Re: creative use of storage snapshots.

  • From: David Roberts <big.dave.roberts@xxxxxxxxxxxxxx>
  • To: Oracle L <oracle-l@xxxxxxxxxxxxx>
  • Date: Wed, 22 Dec 2010 19:27:31 +0000

While I accept your primary argument that loosing data on a SAN
is difficult. I would also observe that the not 'out of the box' precautions
you have taken in addition to this also reduce the chances of data loss.

Nevertheless, there are those that will be using non-SAN based replication
(We in the past used SNDR from a local server to a remote server) and there
are these persistent tales of data loss from SANs, the validity and
numerical significance of which are difficult to judge.

By nature, disasters tend to be unexpected and different in nature to those
that you have tackled before.

I do admit that at a certain level of protection it might not be cost
effective or economically justifiable to implement the highest levels of
data resilience for all organisations. However, the comfort that DG could be
replicating my data between 2 systems at a higher level (than a SAN or
operating system does) would give me a greater degree of confidence. In one
case (with DG) I could be replicating from one manufactures hardware and
operating system to another manufactures hardware and operating system. And
I would tend to trust the highest level of replication (apart from bespoke
replication codded by local developers and not implemented elsewhere) more
than that provided by hardware providers.

Always remember, 'There's software in those BIOSs'


David Roberts

On Wed, Dec 22, 2010 at 10:59 AM, Nuno Souto <dbvision@xxxxxxxxxxxx> wrote:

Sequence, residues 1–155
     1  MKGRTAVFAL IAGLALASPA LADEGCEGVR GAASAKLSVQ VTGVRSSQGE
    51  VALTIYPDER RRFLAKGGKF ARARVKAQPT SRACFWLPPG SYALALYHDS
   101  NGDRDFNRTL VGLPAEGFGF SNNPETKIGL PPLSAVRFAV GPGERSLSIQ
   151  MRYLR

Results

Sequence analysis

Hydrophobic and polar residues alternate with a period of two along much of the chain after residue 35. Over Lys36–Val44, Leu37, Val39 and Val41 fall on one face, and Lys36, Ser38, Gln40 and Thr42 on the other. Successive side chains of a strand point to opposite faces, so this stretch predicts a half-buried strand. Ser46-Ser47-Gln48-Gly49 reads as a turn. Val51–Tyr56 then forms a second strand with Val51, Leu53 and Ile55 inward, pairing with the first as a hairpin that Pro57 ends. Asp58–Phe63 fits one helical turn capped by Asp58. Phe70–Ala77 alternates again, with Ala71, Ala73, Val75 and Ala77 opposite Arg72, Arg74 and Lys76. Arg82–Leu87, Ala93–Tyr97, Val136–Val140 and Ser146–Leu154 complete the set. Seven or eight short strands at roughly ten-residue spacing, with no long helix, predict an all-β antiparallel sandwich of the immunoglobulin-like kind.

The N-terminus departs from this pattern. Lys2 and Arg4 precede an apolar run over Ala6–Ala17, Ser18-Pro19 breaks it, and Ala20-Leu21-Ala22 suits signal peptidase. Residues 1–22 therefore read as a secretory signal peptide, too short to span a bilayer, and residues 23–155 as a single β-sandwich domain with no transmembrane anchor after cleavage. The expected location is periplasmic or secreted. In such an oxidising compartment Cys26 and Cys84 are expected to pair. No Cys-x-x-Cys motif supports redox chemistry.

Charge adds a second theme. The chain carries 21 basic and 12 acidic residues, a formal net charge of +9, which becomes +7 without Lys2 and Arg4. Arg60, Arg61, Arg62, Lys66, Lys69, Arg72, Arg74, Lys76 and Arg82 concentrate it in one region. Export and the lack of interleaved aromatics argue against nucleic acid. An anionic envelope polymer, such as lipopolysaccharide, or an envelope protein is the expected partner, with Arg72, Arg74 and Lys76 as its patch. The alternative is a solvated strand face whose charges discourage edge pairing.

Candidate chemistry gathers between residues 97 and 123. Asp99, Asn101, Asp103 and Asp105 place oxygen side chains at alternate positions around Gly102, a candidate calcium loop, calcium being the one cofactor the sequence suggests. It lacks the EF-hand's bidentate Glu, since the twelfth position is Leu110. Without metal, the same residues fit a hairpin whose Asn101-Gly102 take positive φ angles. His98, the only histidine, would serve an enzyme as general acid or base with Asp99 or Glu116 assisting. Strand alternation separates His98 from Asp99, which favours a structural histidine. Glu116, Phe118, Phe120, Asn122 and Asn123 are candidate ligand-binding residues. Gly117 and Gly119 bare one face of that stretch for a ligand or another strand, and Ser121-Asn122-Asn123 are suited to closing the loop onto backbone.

> That is an argument often invoked to support DG, but it doesn't take into
> account how replication is done in most modern SAN devices.
> For example: in our EMC we replicate the FRA with the last RMAN backup,
> then
> every 2 hours we archive redo logs to FRA and replicate them using
> asynchronous
> command-line initiated replication.  Due to the way EMC does replication,
> any
> potential disparity between blocks will get corrected on the next send.
>  And it
> has not happened once in nearly 2 years we've been doing it!
> Oh, BTW: it's not the disk controller that does that, it's a completely
> different mechanism than the SAN disk io.  I suspect whoever came up with
> that
> "danger" really hasn't used a late generation SAN.
> I'll wear the risk of two consecutive transmission errors on FC - recall
> that it
> is subjected to parity and ECC as well - against what it'd cost us to get
> an
> IP-based connection resilient and performant enough to do DG at our volume
> and
> performance point.  In fact, I know exactly what it'd cost us and it's
> simply
> not feasible or cost-effective.
> What Oracle should do is make DG independent of the transport layer.  IE,
> if I
> want to use Oracle's IP-based transport, or ftp, or scp, or a script, or
> navicli, or dark fibre non-IP, or carrier pigeons/smoke signs, it's
> entirely up
> to me and let me do it.  There is really no reason why DG has to be
> IP-only.
> --
> Cheers
> Nuno Souto
> dbvision@xxxxxxxxxxxx
> David Roberts wrote,on my timestamp of 22/12/2010 6:17 AM:
>> One point, that I don't see mentioned (unless I missed it) is if you are
>> using
>> some form of block level replication as a DR solution, what happens when
>> the
>> disaster is the disk controller writing garbage to your disk.
>> If you are using DG, then depending on the type you will
>> get varying early opportunities to spot the corruption or opportunities to
>> recover from it. Opportunities that are lacking when you blindly have
>> hardware copping data blocks.
>> I agree that these are fine solutions to providing development and testing
>> environments, but I would suggest caution with regards adopting these
>> technologies for DR purposes.
> --

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